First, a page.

It is hard to believe that caffeine, a stimulant that holds popularity in battling fatigue and improving creativity, can do any harm.
1. Caffeine Sensitivity
Caffeine sensitivity is a term that describes the efficiency of the human body to process caffeine and to metabolize it.
We have all heard of co-workers who drink 6 cups of coffee, the recreational drink for nearly 60% of Americans, every day, and friends who guzzle a cup an hour before bedtime.
Yet there are some of us who feel jittery, anxious, or even restless after a single cup.
So, is caffeine a scourge, a tonic, or a mix of both?
Is coffee good for you?
For starters, coffee has a few benefits.
A large research study showed that Americans get more antioxidants from coffee than from any other dietary source.
Other studies have shown that there are several nutrients in a cup of brewed coffee, like Magnesium, Niacin, and Potassium, depending on the soil nutrients and the type of processing.
2. How caffeine works
Adenosine is an organic compound that inhibits arousal and promotes sleepiness upon binding to its receptor.
Caffeine has a structure similar to adenosine and works as an adenosine receptor antagonist.
It competes with adenosine to bind to the adenosine receptor.
This process promotes wakefulness.
Though this can affect the quality of sleep among certain people, it could help in situations like driving at night or averting jet lag, where mental alertness is critical.
According to the U.S. Food and Drug Administration (FDA), 300 milligrams of caffeine are consumed every day by the average American. The Mayo Clinic states that drinking up to 400 milligrams per day is safe, which is approximately 4 cups.
A good cup of coffee is the most popular caffeine delivery mechanism that comes with a few health benefits like being a good source of antioxidants, warding off liver disease, and protecting against Parkinson’s.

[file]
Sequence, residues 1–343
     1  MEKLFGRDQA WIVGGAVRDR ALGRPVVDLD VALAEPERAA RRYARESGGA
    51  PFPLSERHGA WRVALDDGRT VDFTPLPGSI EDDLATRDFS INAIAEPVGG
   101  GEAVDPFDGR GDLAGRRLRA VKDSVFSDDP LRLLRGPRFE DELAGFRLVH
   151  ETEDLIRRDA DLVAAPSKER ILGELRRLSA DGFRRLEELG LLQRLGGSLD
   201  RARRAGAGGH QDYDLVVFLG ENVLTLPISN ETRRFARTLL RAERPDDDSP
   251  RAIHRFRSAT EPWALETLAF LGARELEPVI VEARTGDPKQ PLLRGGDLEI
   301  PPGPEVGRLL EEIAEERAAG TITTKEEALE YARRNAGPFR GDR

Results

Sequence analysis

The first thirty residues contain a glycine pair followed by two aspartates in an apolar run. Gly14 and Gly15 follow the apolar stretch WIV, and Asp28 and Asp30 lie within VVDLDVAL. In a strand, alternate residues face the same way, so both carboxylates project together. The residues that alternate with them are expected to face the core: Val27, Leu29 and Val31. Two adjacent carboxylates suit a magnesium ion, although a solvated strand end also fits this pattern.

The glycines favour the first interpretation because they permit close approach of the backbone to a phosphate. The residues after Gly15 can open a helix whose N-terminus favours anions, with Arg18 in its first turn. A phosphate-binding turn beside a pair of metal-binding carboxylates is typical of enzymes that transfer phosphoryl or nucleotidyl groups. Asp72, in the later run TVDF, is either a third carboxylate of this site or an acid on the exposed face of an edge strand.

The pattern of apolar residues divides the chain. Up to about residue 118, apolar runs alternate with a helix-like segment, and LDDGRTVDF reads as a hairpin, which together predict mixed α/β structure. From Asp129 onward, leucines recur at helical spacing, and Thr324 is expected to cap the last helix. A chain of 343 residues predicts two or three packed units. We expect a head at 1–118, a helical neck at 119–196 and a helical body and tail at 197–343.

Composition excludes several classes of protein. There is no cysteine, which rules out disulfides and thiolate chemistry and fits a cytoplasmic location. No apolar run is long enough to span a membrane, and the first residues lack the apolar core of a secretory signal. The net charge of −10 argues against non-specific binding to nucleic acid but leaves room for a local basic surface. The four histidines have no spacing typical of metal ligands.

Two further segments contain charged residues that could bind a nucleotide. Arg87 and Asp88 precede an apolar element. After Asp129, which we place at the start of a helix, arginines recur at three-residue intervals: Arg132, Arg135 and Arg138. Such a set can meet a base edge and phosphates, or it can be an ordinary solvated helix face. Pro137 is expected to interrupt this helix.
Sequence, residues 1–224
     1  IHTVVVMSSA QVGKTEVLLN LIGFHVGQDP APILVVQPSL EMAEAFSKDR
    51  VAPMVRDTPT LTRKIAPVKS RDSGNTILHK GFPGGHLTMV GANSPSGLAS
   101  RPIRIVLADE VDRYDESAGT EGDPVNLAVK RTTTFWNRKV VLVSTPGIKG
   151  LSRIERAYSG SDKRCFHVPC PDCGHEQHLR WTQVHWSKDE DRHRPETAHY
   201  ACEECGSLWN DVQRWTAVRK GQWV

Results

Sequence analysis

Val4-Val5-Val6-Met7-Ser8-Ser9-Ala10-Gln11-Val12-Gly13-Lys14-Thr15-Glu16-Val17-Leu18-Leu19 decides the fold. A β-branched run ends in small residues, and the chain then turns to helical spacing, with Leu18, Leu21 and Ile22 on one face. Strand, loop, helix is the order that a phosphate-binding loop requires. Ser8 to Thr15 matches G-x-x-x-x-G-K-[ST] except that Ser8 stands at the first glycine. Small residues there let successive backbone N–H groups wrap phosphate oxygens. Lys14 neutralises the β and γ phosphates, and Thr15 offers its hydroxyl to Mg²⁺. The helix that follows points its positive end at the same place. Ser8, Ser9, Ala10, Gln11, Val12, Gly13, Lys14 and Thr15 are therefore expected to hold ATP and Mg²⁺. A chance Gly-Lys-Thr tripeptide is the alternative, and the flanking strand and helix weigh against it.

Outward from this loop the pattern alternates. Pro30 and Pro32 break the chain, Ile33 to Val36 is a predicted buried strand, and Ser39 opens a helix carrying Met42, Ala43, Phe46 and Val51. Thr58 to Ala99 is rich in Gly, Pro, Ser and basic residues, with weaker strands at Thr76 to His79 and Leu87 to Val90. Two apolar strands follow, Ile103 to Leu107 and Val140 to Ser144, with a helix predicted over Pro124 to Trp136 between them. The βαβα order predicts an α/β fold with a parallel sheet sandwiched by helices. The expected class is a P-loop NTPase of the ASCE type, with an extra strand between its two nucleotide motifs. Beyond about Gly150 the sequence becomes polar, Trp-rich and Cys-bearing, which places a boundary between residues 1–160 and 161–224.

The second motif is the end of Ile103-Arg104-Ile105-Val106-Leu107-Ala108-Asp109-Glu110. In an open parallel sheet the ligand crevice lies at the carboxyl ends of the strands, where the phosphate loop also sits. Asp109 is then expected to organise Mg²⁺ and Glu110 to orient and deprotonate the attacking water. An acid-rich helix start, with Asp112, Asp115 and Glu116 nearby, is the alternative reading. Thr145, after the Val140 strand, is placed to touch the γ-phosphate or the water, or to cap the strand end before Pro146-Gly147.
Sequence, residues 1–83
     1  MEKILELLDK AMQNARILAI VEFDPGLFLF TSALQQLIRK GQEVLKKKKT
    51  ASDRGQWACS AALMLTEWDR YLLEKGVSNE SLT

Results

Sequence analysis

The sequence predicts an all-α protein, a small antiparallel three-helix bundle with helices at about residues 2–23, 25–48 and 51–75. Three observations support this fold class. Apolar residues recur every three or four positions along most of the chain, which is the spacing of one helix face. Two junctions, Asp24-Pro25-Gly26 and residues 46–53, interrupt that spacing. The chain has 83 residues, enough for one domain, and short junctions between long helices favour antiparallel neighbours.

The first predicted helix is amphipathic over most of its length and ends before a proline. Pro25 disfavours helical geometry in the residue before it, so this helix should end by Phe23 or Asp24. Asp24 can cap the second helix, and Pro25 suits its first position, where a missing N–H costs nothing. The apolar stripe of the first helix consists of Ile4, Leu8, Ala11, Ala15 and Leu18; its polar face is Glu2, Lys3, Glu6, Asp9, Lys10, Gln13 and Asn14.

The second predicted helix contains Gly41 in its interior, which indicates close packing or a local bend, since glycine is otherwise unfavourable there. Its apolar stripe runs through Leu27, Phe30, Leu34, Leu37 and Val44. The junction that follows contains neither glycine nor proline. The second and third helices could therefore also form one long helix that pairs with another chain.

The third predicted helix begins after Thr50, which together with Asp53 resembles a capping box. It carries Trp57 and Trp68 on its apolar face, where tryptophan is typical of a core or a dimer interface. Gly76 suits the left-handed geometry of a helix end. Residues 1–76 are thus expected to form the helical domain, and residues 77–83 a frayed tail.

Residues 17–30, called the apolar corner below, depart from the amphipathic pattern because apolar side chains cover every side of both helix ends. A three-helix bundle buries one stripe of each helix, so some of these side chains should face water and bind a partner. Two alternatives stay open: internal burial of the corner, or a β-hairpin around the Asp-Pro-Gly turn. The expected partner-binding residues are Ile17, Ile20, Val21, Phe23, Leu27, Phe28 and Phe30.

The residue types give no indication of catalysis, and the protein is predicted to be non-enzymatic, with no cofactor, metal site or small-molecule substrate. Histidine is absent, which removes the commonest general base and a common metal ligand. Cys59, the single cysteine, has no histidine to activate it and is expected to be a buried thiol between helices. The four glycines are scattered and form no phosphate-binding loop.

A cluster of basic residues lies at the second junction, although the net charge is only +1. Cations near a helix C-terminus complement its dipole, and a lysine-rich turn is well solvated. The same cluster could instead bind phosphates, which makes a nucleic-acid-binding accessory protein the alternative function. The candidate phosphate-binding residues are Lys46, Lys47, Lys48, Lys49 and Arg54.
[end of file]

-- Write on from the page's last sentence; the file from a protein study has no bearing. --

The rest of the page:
The health risks and benefits have been understood, over the years, however, caffeine and metabolism, or the way in which our body processes the chemical, varies on several key factors.
3. Caffeine content in popular beverages
|Beverage||Caffeine content (mg)|
|Coffee||8 oz cup - 95 mg|
|Espresso||1 oz shot - 63 mg|
|Green tea||8 oz cup - 28 mg|
|Black tea||8 oz cup - 26 mg|
|Energy drinks||8 oz cup - 91 mg|
|Sodas (Cola)||16 oz cans - 49 mg|
|Coffee liqueur||1.5 oz shot - 14 mg|
|Dark chocolate||1 oz square 24 mg|
4. Caffeine Metabolism: What CYP1A2 gene says
Caffeine, an alkaloid, is also known as 1,3,7-trimetilksantin.
It is acidic in its pure crystalline form and is found in over 60 plant species.
The enzyme CYP1A2 is responsible for the metabolism of caffeine in the liver.
Due to potentially ineffective CYP1A2 enzyme activity, some people can experience issues like caffeine jitters after 2-3 cups of coffee per day.
Such slower metabolizers of caffeine may experience problems with blood pressure, headaches, etc.
5. More about the CYP1A2 gene
The CYP1A2 gene regulates the synthesis of the enzyme, and small variations in this gene have an association with the efficiency of caffeine metabolism.